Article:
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ConnectED Could be a Game Changer for Technology in Schools

Children at School taken by Lucelia Ribeiro

In June 2013, President Obama announced the ConnectED initiative intended to equip schools with the best technology available to improve the nation's education system. The administration secured pledges of over $2 billion from leading technology companies. Despite that headline grabbing figure, a lack of specifics about the nature of the donations themselves made it difficult to evaluate. The State Educational Technology Directors Association (SETDA) recently shared new details about ConnectED pledges, which allows for some preliminary observations about the program. It appears the Obama administration and its private partners are taking the right approach to integrating technology into the nation’s classrooms.

Professional Development is Key

Many program participants have included training for teachers as a component of their contribution to ConnectED. Lack of guidance in how to use new technologies is a huge barrier to successful implementation. According to a recent survey, 46 percent of teachers “report lacking adequate training on technology they use.” To address this issue, companies like Autodesk have committed to offer training along with free access to its 3D design software. Teachers have many demands on their time and pairing professional development along with new technology is critical to improving instruction.

Making High-Speed Internet Ubiquitous

ConnectED partners have also prioritized providing high-speed Internet access to students. To take full advantage of new education technologies, students need high-speed Internet access in their schools and in their homes.  Far too many lack this essential learning resource. Only 18 percent of teachers report that “all or almost all” of their students had “access to the Internet and other digital technologies they need to effectively complete school assignments.” The tech giants participating in the program are tackling this problem directly. AT&T has committed to providing free mobile broadband to middle and high school students in impoverished communities. Microsoft and Sprint have also pledged to help reduce this digital divide.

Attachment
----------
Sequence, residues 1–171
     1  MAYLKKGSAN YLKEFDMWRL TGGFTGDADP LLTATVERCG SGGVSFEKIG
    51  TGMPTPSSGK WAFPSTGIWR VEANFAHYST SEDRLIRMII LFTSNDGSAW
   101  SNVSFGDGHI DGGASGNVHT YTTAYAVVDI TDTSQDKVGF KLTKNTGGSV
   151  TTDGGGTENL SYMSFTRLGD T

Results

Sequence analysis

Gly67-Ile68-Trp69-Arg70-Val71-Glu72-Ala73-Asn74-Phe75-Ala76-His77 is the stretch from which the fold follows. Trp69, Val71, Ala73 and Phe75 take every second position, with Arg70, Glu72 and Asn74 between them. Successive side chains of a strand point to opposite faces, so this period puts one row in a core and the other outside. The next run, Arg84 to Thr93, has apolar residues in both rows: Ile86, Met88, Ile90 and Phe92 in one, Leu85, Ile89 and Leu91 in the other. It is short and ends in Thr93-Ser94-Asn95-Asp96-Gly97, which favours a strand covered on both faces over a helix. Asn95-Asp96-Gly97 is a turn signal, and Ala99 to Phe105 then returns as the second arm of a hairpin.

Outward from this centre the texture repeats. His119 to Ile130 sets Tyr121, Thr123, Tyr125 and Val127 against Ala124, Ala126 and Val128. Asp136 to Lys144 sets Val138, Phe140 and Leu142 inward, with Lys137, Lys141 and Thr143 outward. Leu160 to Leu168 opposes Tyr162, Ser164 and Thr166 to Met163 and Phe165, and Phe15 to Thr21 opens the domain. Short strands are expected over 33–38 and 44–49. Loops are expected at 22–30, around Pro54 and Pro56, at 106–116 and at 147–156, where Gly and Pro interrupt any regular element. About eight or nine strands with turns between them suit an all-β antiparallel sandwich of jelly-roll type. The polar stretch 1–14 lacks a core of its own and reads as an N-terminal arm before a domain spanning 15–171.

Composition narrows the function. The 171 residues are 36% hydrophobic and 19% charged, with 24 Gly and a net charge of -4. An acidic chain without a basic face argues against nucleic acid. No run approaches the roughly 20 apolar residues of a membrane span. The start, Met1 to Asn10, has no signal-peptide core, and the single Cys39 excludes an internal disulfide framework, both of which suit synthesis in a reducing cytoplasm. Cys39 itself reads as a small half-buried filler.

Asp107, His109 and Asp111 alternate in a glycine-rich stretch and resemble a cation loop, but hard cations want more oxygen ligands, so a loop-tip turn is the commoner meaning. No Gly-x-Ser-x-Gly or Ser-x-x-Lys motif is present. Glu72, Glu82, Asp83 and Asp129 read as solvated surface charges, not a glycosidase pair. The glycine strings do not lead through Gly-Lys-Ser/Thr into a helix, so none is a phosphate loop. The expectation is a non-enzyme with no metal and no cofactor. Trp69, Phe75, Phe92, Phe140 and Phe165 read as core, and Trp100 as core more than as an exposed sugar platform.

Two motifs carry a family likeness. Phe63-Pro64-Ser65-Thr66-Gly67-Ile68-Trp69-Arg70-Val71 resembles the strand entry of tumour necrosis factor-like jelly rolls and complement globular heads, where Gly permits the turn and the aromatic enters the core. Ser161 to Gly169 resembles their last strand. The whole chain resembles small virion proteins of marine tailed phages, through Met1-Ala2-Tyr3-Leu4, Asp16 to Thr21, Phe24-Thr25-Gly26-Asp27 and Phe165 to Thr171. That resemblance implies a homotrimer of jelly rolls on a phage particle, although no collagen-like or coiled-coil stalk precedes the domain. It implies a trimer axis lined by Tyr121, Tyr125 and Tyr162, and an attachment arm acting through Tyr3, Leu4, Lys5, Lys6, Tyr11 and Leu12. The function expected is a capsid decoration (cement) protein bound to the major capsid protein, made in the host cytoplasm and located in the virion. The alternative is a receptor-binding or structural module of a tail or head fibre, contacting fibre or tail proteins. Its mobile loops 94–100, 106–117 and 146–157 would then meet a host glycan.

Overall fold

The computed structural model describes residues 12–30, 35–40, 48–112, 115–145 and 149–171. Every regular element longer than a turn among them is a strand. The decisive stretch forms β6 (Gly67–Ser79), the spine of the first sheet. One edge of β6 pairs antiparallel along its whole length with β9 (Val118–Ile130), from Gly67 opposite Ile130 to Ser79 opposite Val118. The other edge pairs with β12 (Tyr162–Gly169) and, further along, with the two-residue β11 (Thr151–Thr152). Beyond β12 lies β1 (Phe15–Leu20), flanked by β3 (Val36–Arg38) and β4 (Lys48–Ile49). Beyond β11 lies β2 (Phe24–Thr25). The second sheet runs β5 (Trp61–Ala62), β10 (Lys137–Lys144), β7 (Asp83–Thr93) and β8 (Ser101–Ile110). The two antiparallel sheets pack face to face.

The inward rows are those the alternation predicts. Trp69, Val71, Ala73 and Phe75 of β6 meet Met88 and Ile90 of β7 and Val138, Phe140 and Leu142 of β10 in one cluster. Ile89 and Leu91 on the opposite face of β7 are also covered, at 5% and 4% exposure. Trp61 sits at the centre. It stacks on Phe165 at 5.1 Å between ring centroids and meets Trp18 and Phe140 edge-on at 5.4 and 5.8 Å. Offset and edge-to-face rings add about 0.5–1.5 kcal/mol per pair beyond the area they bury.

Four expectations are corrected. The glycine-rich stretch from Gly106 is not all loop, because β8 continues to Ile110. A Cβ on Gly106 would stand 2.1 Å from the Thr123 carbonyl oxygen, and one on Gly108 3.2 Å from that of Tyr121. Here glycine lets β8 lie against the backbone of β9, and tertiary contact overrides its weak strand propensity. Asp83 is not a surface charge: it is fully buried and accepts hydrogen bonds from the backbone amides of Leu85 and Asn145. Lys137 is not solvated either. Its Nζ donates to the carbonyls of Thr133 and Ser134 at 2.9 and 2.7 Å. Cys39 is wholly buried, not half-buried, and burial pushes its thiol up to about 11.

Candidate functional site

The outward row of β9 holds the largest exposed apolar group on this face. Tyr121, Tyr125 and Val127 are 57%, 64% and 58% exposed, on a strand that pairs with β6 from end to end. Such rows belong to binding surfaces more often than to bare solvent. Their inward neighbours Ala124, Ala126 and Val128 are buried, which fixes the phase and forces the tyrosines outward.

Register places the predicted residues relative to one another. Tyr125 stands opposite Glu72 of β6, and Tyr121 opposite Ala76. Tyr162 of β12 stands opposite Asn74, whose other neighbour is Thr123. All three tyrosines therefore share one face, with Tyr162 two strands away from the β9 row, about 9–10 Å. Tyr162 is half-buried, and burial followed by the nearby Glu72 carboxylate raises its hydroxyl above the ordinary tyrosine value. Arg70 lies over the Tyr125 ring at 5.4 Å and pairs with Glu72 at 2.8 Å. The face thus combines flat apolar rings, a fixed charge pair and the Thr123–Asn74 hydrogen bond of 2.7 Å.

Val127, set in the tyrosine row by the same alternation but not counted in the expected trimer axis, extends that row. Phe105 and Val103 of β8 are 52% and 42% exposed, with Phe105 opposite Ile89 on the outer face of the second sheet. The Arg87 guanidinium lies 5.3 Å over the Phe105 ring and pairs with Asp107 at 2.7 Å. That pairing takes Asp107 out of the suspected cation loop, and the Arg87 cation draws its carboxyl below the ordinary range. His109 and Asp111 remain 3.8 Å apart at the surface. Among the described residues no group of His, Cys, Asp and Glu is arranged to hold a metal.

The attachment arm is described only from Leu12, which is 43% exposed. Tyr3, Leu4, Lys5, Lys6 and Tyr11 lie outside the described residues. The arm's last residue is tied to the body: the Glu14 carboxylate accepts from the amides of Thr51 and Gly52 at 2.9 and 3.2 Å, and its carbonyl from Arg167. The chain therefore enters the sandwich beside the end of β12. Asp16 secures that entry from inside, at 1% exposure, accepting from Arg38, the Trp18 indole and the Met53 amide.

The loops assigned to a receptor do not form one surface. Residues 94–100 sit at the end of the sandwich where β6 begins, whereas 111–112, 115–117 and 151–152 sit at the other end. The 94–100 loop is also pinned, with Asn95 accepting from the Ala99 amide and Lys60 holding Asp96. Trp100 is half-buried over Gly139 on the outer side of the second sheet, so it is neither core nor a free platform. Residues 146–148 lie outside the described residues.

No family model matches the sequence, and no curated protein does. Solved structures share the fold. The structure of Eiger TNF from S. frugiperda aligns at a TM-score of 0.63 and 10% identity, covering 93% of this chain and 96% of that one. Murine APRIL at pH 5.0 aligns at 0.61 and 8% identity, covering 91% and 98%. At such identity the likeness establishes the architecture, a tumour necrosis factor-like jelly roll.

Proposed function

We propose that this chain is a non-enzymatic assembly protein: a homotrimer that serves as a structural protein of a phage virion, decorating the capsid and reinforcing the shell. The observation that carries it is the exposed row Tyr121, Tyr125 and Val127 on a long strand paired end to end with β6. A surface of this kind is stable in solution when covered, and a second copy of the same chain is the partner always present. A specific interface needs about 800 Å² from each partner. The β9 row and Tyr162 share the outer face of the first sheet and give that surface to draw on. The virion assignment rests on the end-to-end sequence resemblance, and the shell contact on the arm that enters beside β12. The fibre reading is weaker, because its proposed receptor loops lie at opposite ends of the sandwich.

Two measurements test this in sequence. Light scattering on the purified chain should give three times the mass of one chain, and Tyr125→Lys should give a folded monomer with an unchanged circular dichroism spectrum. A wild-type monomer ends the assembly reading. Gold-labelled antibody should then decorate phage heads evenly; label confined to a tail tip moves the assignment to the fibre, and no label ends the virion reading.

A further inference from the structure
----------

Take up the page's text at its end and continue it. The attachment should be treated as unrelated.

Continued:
ConnectED Partner Commitments

Partner

Value

Commitment

Esri

$1,000

ArcGIS map making software to all schools

Adobe

$300

Software and professional development

Autodesk

$250

3D design software to secondary schools along with training

Apple

$100

iPads, MacBooks, and other professional development tools

AT&T

$100

Mobile broadband services, devices, and teaching

O'Reilly Media

$100

E-books for high school students covering programing & software

Prezi

$100

Pro version of their presentation software

Sprint

$100

Off-campus high-speed mobile Internet connections

Verizon

$100

Training for STEM teachers using mobile technology

Microsoft

Unknown

Discounts to all schools on its Windows OS

Total

$2,150

 

*In Millions

Source: SETDA, White House

Devices are not a Panacea

In the past, public-private partnerships have focused on providing schools with donated software and hardware. But these tools are useless if they are not incorporated into the curriculum.  The hardest part of bringing America’s classrooms into the 21st century is not securing the necessary funding. The difficulty is developing strategies that empower teachers to improve their instruction. The focus from the ConnectED partners on training and Internet access suggest the program could help thousands of students enjoy the benefits of education technology.

More information on ConnectED is available from SETDA.